Ants. They aerate the soil, invade the kitchen, and ruin picnics. But this summer, they’re in the spotlight at Sacramento State’s Sequoia Hall lobby as the University’s latest Living Gallery exhibit.
This isn’t your typical ant farm ordered from the back pages of a comic book. This version, sponsored by the Biology Department (www.csus.edu/bios), is 1 inch deep, 36 inches wide and 30 inches tall. About 90 red harvester ants are inside, digging tunnels and chambers and otherwise going about their little ant chores.
The exhibit is open for viewing during the University’s summer hours of 7:30 a.m. to 4 p.m. Monday through Friday, through Aug. 14.
The farm is crisscrossed with tunnels, and a lighted, movable magnifying glass has been placed in front of it so visitors can get an up-close-and-personal view of the ants’ activities. The display includes a number of informational placards describing the life and activities of the busy insects.
“Normally they harvest seeds, going onto flowers to pluck them out,” says staff biologist Merrill Roseberry, who is overseeing the exhibit. “These ants are known for building little chambers as granaries. In spring and summer, they find as many seeds as they can and store them in the granary. Then they have food all through fall and winter.”
Other ant species have specific traits – herding other insects such as aphids, or capturing other ants as slaves. And duties for an individual ant may change because of special circumstances.
“If a tunnel were to collapse, there would be ants responsible for saving other ants while others would be responsible for re-digging the tunnel,” Roseberry says.
Some species even have “mortician” ants, responsible for carrying dead ants to a special cemetery chamber specifically for the deceased.
Despite the University being on summer break, Roseberry expects to welcome a steady stream of visitors. Incoming Sac State students are expected to swing by during their orientation sessions throughout the summer. Children from Peak Adventures’ camps for children will drop by, as will those from the campus daycare center, and local summer school programs.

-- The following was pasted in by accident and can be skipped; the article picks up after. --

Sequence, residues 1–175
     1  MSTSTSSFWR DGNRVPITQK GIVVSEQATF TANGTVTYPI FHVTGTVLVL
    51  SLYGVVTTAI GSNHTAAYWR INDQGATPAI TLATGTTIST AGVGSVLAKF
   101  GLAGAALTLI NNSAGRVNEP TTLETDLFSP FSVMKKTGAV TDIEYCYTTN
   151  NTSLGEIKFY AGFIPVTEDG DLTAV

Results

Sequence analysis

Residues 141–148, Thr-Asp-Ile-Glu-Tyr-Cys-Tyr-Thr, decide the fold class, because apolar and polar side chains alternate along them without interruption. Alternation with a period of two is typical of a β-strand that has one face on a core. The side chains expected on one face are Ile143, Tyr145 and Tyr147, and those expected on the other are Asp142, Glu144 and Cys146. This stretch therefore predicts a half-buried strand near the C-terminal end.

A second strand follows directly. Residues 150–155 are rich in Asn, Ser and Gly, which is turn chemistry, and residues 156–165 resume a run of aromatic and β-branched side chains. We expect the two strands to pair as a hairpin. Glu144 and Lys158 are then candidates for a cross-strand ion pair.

The farm consists of only sterile female ants – no males or queen. Since the ants’ life expectancy is only 45 to 60 days, Roseberry will be getting a second supply of them to replace those that die off over the summer months. Once the new school year starts, the farm will be moved into her office until the last remaining ants expire; it then will be cleaned out.
Part of the reason for choosing an ant farm as the current Living Gallery exhibit is because it fits into the theme of the 2015-16 One World Initiative. Each year, a One World theme is chosen to be discussed and explored across the campus and across academic fields, and this year’s topic is “Global Perspectives on Power.” “Ants have an extreme amount of strength and power,” Roseberry says. “Also, ants have a worldwide impact, causing significant changes in the soil.”
This is the second in a series of Living Gallery exhibits designed to provide dynamic displays and rare views of the life of plants and animals. The first was this spring’s popular corpse flower exhibit. Possible future exhibits include a butterfly display (following them from caterpillar to butterfly), domestic beetles, or rodents.
But for now Roseberry stays busy caring for the ants, giving them water in the form of soaked cotton balls, and feeding them pieces of fortune cookies. “Fortune cookies are sweet and dry, and the ant can break them apart easily and carry the bits around,” Roseberry says, adding with a laugh, “They’ve been really happy with fortune cookies.”
For more information on the Biology Department and the ant farm, visit the department’s website or call (916) 278-6535. For media assistance, call Sacramento State’s Public Affairs office at (916) 278-6156. – Craig Koscho